Fernando Alonso was ruled out from taking part in this week’s Bahrain GP following a scan which revealed he has broken ribs after his massive crash in Australia. Speaking to the media, the Spaniard explained: “To summarise a little, last week [in Australia] I was okay Sunday – some knee pain but not big things. I had the green light to leave the track and everything was okay.”
“On Monday I had a bit of overall pain, nothing too serious. Then I flew back, arrived in Spain and the pain was a little more, so we did a proper check and I had a small pneumothorax [collapse] on the lung.
“We took advice from the doctors to relax at home and repeat the scan last Monday – the pneumothorax is gone more or less but I had some rib fractures. And because F1 is a very unique position in the car, and with the g-forces, there was a risk the fractures could move into the lung.
“It’s not like broken leg or arm where you can deal with the pain; it’s the chest where there are organs, so we cannot do much more.”
Depending on the severity of the breaks, ribs can take 6-8 weeks to heal completely and Alonso is uncertain as to whether he will be fit to drive at the next GP in China. “It is not 100 percent – it will be another test I need to do in the next eight or 10 days and after that the FIA will evaluate again, as they did today.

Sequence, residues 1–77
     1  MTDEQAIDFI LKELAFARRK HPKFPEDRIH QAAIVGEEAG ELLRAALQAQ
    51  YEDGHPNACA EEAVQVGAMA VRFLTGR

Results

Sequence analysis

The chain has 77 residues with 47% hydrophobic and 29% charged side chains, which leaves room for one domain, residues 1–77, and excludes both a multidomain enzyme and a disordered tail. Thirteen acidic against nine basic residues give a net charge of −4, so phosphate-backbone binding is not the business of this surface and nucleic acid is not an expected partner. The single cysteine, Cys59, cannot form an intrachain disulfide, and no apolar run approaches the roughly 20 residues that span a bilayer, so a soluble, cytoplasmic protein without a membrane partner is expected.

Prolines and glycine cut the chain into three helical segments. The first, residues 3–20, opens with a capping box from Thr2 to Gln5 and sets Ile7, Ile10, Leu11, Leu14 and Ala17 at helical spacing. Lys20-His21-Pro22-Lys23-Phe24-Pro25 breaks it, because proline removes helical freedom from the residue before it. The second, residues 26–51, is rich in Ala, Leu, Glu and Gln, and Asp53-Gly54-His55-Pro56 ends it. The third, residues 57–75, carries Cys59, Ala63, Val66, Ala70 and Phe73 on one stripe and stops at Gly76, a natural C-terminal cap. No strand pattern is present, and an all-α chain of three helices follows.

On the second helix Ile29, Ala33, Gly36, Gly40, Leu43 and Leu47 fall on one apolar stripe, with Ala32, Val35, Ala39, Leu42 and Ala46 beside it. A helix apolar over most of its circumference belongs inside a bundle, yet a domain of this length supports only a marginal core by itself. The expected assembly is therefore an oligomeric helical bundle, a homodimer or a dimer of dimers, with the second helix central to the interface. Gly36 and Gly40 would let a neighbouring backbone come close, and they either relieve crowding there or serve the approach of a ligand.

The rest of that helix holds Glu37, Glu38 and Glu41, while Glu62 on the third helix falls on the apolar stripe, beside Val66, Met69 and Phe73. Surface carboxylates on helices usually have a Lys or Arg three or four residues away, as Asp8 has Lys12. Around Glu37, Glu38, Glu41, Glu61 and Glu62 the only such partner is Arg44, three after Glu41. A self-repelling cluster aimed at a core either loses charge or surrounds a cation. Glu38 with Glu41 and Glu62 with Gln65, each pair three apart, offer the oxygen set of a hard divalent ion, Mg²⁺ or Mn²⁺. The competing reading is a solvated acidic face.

“I will recover. I am already recovered from the pneumothorax, it’s just the ribs are not ‘glued’ let’s say, so it could be a problem. It is a very, very small risk, but I understand we all want zero risk. So it is just a matter of time. In the next 10 days it should be fine but we cannot guarantee – maybe five days, maybe 10, maybe 12.”
The McLaren driver knew it might be a big ask to be fit for this weekend and revealed, “There have been some painful days, some pain at home. But I was ready to go through this pain somehow in the car and make sure that I could race because at the end of the day the pain is manageable if you don’t think too much and adrenaline driving.”
“But there are some other risks, the doctors think. It’s a risk management and minimise everything is the logic of things. A little bit sad for that but it’s the only way to go”.
The double world champion has elected to stay in Bahrain and support his rookie replacement, Stoffel Vandoorne, on his debut in F1. “The team did a fantastic job preparing the car so I wanted to try [to race] until the last moment,” said Fernando. “Now I stay here all weekend to help Stoffel because it is a good opportunity for him, and to help the team because I love what I do, I love F1 and racing.
“I want to learn from the outside how the team prepare, the actions around qualifying, the strategy, the pit stops – I want to get involved in everything on the outside because it could help me on the inside next time.”
The arrival of Vandoorne will add some spice to qualifying on Saturday as he seeks to get the better of his team mate Jenson Button.